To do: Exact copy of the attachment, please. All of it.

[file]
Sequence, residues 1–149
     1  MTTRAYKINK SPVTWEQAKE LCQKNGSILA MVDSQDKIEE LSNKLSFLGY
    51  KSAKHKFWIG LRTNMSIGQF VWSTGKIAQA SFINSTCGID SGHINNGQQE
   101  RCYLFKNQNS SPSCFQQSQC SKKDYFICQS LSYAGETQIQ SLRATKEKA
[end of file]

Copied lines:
Sequence, residues 1–149
     1  MTTRAYKINK SPVTWEQAKE LCQKNGSILA MVDSQDKIEE LSNKLSFLGY
    51  KSAKHKFWIG LRTNMSIGQF VWSTGKIAQA SFINSTCGID SGHINNGQQE
   101  RCYLFKNQNS SPSCFQQSQC SKKDYFICQS LSYAGETQIQ SLRATKEKA